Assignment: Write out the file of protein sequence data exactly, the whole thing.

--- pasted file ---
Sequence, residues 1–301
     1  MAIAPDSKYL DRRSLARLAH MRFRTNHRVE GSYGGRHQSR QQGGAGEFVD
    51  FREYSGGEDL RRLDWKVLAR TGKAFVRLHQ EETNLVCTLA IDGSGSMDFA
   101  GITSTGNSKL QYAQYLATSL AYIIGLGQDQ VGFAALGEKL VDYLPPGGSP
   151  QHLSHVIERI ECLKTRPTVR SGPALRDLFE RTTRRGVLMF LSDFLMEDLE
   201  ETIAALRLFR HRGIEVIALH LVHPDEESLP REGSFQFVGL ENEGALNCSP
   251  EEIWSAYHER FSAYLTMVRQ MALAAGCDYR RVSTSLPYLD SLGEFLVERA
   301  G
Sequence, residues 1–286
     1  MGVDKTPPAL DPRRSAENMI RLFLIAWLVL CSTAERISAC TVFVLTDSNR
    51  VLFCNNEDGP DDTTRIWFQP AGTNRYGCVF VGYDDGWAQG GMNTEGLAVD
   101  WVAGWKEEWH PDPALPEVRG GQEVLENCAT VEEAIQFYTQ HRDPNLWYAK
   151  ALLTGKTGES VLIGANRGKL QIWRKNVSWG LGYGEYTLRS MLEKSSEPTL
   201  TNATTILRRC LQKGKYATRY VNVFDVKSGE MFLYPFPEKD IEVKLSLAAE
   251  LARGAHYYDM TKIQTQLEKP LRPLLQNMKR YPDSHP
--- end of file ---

Sequence, residues 1–301
     1  MAIAPDSKYL DRRSLARLAH MRFRTNHRVE GSYGGRHQSR QQGGAGEFVD
    51  FREYSGGEDL RRLDWKVLAR TGKAFVRLHQ EETNLVCTLA IDGSGSMDFA
   101  GITSTGNSKL QYAQYLATSL AYIIGLGQDQ VGFAALGEKL VDYLPPGGSP
   151  QHLSHVIERI ECLKTRPTVR SGPALRDLFE RTTRRGVLMF LSDFLMEDLE
   201  ETIAALRLFR HRGIEVIALH LVHPDEESLP REGSFQFVGL ENEGALNCSP
   251  EEIWSAYHER FSAYLTMVRQ MALAAGCDYR RVSTSLPYLD SLGEFLVERA
   301  G
Sequence, residues 1–286
     1  MGVDKTPPAL DPRRSAENMI RLFLIAWLVL CSTAERISAC TVFVLTDSNR
    51  VLFCNNEDGP DDTTRIWFQP AGTNRYGCVF VGYDDGWAQG GMNTEGLAVD
   101  WVAGWKEEWH PDPALPEVRG GQEVLENCAT VEEAIQFYTQ HRDPNLWYAK
   151  ALLTGKTGES VLIGANRGKL QIWRKNVSWG LGYGEYTLRS MLEKSSEPTL
   201  TNATTILRRC LQKGKYATRY VNVFDVKSGE MFLYPFPEKD IEVKLSLAAE
   251  LARGAHYYDM TKIQTQLEKP LRPLLQNMKR YPDSHP